Oil exploration in forests to become cheaper, easier
The Union mines ministry had sought simplification of norms for the exploration of hydrocarbons, as well as metallic and non-metallic minerals inside forests
Oil exploration in forests is set to become cheaper and easier as the Centre has simplified norms to allow mining companies to pay a fee for the land affected by each borehole and not for the total forest area leased out for exploration, according to minutes of the Union environment ministry’s Forest Advisory Committee (FAC) meeting published on its website. The norms were revised at an FAC’s meeting.
Mining companies earlier paid 2% to 5% of Net Present Value (NPV) of the forest areas leased out to them for the exploration of hydrocarbons. As per the simplified norms, the NPV now would be based on the area dug up for each borehole (around 0.1 ha) which is likely to be a fraction of what is charged earlier.
NPV is the upfront payment made to compensate for the loss an infrastructure project causes to a forest and its ecosystem services and is used for conservation efforts. The Supreme Court in 2002 mandated NPV for all infrastructure projects in forest areas.
The NPV is calculated depending on the canopy density and quality of a forest. For instance, the NPV per ha for very dense forests was ₹10,43,000 in 2019, according to the environment ministry’s handbook on forest conservation rules.
The Union mines ministry had sought simplification of norms for the exploration of hydrocarbons, as well as metallic and non-metallic minerals inside forests. It has also requested that prospecting and exploration in forest areas may be exempted from the purview of the Forest (Conservation) Act and hence from prior approval.
The mines ministry has called NPV payments avoidable expenditure because only 1% of areas explored are converted to mining. “We have agreed to the proposal on paying as per land used for each borehole but have not given them a complete exemption on NPV payment. A decision on completely exempting all exploration of hydrocarbons from provisions of the Forest Conservation Act has not been taken yet. It is a proposal that the ministry of mines has made,” said an environment ministry official on condition of anonymity. “We want efficiency. So, processes need to simpler and quicker. Charging as per borewells dug up can also discourage companies from digging more.”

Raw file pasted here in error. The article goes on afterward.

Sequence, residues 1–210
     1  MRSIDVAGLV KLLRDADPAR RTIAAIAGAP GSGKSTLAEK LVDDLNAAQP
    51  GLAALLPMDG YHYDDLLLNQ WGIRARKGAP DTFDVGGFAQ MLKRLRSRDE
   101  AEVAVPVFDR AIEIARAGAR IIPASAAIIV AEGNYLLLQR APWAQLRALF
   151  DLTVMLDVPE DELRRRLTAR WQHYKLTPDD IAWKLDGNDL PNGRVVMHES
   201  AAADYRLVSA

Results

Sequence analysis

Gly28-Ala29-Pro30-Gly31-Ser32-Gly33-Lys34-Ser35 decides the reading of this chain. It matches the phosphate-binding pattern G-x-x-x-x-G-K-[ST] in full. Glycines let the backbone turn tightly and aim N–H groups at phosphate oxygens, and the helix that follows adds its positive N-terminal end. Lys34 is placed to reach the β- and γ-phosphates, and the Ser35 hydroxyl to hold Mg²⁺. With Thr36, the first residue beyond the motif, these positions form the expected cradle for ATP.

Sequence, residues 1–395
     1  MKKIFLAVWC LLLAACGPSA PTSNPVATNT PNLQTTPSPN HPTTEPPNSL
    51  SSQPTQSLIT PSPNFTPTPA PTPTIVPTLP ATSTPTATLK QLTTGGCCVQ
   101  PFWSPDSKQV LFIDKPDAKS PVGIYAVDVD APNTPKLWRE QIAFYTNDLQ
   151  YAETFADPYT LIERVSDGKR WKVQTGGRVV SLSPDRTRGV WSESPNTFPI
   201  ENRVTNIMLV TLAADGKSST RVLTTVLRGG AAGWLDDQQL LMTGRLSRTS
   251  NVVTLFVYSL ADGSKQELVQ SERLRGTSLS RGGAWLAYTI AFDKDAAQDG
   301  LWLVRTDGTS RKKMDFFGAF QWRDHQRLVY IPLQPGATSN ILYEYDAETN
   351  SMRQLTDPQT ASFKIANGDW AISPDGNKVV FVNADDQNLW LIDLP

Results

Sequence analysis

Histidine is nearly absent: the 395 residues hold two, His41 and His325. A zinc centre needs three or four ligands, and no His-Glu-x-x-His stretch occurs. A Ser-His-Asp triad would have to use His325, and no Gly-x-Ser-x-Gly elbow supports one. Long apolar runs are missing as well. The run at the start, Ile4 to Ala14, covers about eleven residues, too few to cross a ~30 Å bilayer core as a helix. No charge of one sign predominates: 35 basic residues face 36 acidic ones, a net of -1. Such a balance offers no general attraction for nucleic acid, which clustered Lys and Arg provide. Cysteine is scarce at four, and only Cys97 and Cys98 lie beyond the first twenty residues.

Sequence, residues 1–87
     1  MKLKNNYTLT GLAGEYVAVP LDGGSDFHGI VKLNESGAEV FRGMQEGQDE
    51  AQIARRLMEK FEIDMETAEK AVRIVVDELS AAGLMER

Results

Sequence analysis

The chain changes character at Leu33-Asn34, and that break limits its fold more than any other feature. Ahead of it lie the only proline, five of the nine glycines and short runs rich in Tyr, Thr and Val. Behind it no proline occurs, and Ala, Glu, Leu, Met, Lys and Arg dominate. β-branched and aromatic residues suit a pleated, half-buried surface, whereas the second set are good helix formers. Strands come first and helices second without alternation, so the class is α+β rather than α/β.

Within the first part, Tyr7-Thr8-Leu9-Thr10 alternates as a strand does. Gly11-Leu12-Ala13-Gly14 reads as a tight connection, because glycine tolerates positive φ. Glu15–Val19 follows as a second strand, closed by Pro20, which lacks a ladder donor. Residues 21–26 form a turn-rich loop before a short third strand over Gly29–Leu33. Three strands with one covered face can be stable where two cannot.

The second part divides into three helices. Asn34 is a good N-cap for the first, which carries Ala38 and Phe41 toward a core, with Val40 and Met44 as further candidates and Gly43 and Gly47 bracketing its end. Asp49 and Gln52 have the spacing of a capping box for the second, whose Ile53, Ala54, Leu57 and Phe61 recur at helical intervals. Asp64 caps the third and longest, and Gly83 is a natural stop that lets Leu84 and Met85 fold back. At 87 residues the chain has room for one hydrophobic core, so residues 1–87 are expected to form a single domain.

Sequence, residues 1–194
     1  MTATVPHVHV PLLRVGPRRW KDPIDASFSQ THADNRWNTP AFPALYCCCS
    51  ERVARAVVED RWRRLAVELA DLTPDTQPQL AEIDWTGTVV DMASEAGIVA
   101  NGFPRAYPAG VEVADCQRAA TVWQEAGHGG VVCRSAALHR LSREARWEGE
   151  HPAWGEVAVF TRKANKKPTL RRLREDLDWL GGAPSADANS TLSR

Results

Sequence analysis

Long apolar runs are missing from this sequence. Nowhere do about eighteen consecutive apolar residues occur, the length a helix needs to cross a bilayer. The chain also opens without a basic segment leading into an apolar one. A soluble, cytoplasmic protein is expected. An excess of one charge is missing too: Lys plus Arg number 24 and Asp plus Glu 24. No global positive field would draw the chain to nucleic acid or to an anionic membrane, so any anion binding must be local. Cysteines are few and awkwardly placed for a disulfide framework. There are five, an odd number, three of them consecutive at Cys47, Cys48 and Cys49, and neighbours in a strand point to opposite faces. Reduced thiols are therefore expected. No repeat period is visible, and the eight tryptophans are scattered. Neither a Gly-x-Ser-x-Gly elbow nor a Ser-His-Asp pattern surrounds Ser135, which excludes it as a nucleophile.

The environment ministry is also considering allowing flexibility in prescribing scales of maps for exploration so that exploration projects can be cleared faster.
Digging of up to 25 exploratory boreholes is exempted from prior forest clearance. But projects with more than 25 boreholes require a seismic survey, prior forest clearance, payment of NPV, etc.
Kanchi Kohli, a legal researcher at New Delhi’s Centre for Policy Research, said FAC has taken a careful view of exemption sought mines ministry sought and not allowed for a blanket exemption. “However, such deliberations also raise a larger question on how decision making on land and natural resource use is increasingly being determined. Mining exploration often requires access to areas or villages where there is human habitation or are important wilderness areas. If and how exemptions are to be accepted is not just a legal matter, but a socio-ecological one too.”
The environment ministry has faced a backlash from environmental groups and activists for granting forest clearance to Oil India Limited (OIL) for drilling exploratory boreholes for hydrocarbons that extend up to Assam’s Dibru Saikhowa National Park. The biodiversity-rich Park is near Baghjan, where an OIL gas well has been on fire since June following a gas and oil leak beginning May 27.
Environmental activists have moved the Guwahati high court saying the Centre brought an amendment dated January 16 to avoid mandatory public hearings by OIL under Environment Impact Assessment Notification, 2006.
OIL spokesman Tridiv Hazarika said they will use technology to ensure they do not need to drill inside the forests at all. “We will be drilling outside the national park but it will help us explore reserves inside the park.”